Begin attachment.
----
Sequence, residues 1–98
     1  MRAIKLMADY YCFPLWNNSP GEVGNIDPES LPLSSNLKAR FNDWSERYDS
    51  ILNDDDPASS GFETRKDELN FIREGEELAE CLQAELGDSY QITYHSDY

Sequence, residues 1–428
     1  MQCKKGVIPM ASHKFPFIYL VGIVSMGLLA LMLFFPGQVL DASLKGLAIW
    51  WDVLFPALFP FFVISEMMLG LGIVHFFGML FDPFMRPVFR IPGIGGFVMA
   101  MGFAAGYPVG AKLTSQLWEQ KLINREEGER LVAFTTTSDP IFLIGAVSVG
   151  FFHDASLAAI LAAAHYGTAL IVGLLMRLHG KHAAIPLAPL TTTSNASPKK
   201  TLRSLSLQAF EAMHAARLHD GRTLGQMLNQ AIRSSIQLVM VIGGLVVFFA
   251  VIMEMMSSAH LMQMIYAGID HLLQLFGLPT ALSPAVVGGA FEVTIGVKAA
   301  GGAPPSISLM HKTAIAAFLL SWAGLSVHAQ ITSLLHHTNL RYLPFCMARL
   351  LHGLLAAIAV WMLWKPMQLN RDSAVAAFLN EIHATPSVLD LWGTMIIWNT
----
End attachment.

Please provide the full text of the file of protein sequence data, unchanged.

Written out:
Sequence, residues 1–98
     1  MRAIKLMADY YCFPLWNNSP GEVGNIDPES LPLSSNLKAR FNDWSERYDS
    51  ILNDDDPASS GFETRKDELN FIREGEELAE CLQAELGDSY QITYHSDY

Sequence, residues 1–428
     1  MQCKKGVIPM ASHKFPFIYL VGIVSMGLLA LMLFFPGQVL DASLKGLAIW
    51  WDVLFPALFP FFVISEMMLG LGIVHFFGML FDPFMRPVFR IPGIGGFVMA
   101  MGFAAGYPVG AKLTSQLWEQ KLINREEGER LVAFTTTSDP IFLIGAVSVG
   151  FFHDASLAAI LAAAHYGTAL IVGLLMRLHG KHAAIPLAPL TTTSNASPKK
   201  TLRSLSLQAF EAMHAARLHD GRTLGQMLNQ AIRSSIQLVM VIGGLVVFFA
   251  VIMEMMSSAH LMQMIYAGID HLLQLFGLPT ALSPAVVGGA FEVTIGVKAA
   301  GGAPPSISLM HKTAIAAFLL SWAGLSVHAQ ITSLLHHTNL RYLPFCMARL
   351  LHGLLAAIAV WMLWKPMQLN RDSAVAAFLN EIHATPSVLD LWGTMIIWNT